“Blogito ergo sum”
Or “I blog therefore I am”. My blog started as a result of BT and Phorm’s secret and illegal mass interceptions of users’ internet traffic for advertising purposes. It wasnt long before Phorm’s PR people tried to get me to become a mouthpiece for their operation – an invitation I rejected – advising them to prove the legality of their actions. CEO Kent Ertugrul left Phorm in July 2015 without ever providing me with that proof.
Since then I’ve become something of a privacy activist, believing in due process and transparency. Phorm’s attempts to brand those of us who saw them for what they were as tinfoil hat wearing pirates failed, and it was no thanks to Gordon Brown’s “government” (who did nothing) that Phorm slunk away from the UK to try its luck in countries where privacy is much less regarded.
As a disabled person, I sometimes write about issues facing the disabled on public transport. I am luckier than many I know in that I can get around reasonably well with the aid of my walking cane. If I have issues getting around on public transport (and I do) then how must it be for those in wheelchairs? Despite what some may claim, the Paralympics did very little to change the perceptions of disabled people by the able bodied.
I also write and comment on business and customer service issues. I’ve helped improve customer service for companies through simple, honest suggestions. Where others have chosen to ignore me I have often been proved right. Good service keeps things simple, lets the customer know what’s going on and what they can expect next. Then they deliver on that promise.
I write about government, politics, the law and internet. If government and the judiciary were remotely competent to deal with technical issues I and others wouldn’t need to. But the #TwitterJokeTrial and David Cameron’s decision to impose website blocking show that the judiciary and government are ignorant and should not be acting without sensible advice in these areas. Keir Starmer received a backside kicking from the Royal Courts Of Justice (comment from me below the article) over #TwitterJokeTrial and had the decency to open up a public consultation exercise. But as we’ve seen from David Cameron, consultations can be easily ignored by those in power.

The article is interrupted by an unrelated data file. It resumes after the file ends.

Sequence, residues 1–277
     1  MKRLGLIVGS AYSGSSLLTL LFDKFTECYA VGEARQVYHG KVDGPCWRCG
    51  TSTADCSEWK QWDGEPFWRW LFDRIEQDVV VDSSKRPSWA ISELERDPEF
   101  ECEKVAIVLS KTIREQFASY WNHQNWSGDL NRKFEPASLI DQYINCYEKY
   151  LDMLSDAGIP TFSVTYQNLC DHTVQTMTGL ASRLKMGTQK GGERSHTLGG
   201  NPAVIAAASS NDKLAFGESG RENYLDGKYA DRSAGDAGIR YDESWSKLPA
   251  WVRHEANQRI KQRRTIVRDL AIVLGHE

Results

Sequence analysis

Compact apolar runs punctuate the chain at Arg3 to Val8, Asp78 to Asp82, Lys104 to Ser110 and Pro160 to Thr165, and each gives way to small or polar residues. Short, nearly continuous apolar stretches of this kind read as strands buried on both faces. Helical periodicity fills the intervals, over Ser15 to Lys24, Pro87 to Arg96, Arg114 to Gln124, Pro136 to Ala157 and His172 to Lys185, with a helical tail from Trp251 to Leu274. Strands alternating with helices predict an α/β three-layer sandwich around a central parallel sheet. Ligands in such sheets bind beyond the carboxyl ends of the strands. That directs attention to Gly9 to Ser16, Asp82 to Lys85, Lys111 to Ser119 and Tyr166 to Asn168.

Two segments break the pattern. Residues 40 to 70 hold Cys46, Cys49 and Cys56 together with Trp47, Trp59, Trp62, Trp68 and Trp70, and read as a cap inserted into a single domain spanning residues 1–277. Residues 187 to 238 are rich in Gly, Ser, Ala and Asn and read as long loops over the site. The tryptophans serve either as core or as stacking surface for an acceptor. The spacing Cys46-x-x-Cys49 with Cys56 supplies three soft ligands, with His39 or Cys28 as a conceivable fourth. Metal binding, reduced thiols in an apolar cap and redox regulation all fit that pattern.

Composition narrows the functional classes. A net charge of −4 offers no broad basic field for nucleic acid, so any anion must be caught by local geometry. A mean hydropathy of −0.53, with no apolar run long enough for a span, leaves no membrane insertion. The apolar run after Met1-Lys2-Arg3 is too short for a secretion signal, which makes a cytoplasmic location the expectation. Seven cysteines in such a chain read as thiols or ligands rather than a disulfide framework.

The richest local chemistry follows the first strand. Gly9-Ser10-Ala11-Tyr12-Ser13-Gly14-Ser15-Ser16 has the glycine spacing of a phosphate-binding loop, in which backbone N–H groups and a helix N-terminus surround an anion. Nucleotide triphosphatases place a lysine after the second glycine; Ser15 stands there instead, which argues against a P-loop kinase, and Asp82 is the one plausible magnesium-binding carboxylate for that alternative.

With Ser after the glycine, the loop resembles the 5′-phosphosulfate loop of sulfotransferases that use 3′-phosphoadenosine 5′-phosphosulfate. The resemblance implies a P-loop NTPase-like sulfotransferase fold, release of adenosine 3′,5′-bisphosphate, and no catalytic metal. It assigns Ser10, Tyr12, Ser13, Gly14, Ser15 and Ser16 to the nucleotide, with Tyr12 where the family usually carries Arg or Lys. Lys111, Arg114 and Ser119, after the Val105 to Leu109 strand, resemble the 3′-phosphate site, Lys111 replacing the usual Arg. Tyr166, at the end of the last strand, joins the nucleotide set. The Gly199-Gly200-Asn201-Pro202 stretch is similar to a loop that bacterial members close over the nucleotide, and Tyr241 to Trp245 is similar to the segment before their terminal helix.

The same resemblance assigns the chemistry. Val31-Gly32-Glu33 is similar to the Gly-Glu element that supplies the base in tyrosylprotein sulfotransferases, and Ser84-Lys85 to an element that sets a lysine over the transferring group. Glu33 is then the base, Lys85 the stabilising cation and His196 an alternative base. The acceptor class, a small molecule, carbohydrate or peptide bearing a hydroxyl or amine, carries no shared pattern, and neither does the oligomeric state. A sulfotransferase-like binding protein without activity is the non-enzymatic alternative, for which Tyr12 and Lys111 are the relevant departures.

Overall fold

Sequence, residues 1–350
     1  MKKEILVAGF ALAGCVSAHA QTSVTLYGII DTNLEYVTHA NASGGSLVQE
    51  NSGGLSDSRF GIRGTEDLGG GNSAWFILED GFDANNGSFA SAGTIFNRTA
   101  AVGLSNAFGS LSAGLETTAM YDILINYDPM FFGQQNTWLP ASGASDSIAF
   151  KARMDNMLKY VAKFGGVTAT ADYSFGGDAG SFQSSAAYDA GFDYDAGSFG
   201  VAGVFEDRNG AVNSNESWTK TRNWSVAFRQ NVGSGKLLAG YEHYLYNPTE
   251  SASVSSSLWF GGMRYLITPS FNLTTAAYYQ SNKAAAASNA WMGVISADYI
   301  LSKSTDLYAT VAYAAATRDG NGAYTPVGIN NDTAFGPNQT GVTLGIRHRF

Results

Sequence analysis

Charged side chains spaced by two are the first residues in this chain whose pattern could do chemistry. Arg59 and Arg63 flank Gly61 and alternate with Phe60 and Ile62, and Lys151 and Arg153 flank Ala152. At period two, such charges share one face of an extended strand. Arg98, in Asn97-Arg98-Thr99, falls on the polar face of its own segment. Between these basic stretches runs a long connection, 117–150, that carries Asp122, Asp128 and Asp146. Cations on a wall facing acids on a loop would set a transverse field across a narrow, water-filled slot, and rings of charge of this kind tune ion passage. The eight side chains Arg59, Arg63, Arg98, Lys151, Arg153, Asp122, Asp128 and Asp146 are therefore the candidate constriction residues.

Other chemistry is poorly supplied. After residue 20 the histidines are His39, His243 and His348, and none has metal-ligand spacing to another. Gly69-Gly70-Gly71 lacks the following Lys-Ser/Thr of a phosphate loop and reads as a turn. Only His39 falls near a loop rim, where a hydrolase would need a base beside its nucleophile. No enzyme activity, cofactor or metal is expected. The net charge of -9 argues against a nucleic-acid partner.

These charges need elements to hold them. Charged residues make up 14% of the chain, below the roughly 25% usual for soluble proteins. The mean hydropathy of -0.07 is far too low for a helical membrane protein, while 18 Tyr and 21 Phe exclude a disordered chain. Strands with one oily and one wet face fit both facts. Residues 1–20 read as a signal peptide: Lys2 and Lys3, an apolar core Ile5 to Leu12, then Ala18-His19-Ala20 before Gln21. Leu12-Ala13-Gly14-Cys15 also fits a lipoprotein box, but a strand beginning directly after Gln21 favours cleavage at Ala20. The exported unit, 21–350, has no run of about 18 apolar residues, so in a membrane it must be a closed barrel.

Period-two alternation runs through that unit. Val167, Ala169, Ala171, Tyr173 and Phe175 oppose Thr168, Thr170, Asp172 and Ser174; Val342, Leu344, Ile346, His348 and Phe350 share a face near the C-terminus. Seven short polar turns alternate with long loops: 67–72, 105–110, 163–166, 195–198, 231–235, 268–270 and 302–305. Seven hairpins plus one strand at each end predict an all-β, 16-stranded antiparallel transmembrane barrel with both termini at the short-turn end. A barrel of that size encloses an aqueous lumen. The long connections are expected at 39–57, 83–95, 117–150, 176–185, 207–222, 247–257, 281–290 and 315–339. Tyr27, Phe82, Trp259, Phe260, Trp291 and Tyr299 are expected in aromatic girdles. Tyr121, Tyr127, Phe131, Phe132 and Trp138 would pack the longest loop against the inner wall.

In a meeting at the House Of Commons, David Davis MP declared that “the Executive (i.e. Parliament) hasn’t got a clue what is going on” in regard to technology issues. This may continue to be the case for many years unless people working in these areas rather than civil servants educate MPs.
The Impact Of Social Media
Thanks to social media, bad news travels much faster than good news. Poor performance and unethical conduct is highlighted and more people become aware of it than they would have ten years ago. This has given rise to weasel words like “misspoke” where someone who should have known better made an “off-message” comment which was picked up and went viral. “Misspoke” is a lie. The words were said and there was intent behind them.
We also now have apologies which have no apologetic content at all, hiding behind claims of “misunderstanding”. Instagram’s recent backtracking from using user submitted photos for advertising purposes is an example of this. Social media highlighted unethical Ts & Cs from Instagram – they suffered brand damage and lost customers. Instagram then claimed they never intended to use user submitted photos for advertising purposes. Why were those terms included then? The brand damage Instagram suffered could have been avoided simply by behaving ethically.
Social media is now a crucial part of public relations, but one where a failure to answer the question or issue may well be highlighted and brutally taken to task. It is disappointing to see companies giving social media responsibilities to interns, junior staff or people with no real understanding of social media and how it can affect a company’s reputation. Take Kenwyn Williams, formerly of USACA as an excellent example of how not to do Social Media.
The message is simple: Speak to and employ people with the right experience, people who understand how internet and social media use can be integrated into the business. People like me. Trying to do any internet presence or communications provision on the cheap could be disastrous for your company’s reputation.
One bad tweet, comment or e-mail can go viral in a matter of minutes. And will be recorded forever somewhere on the internet.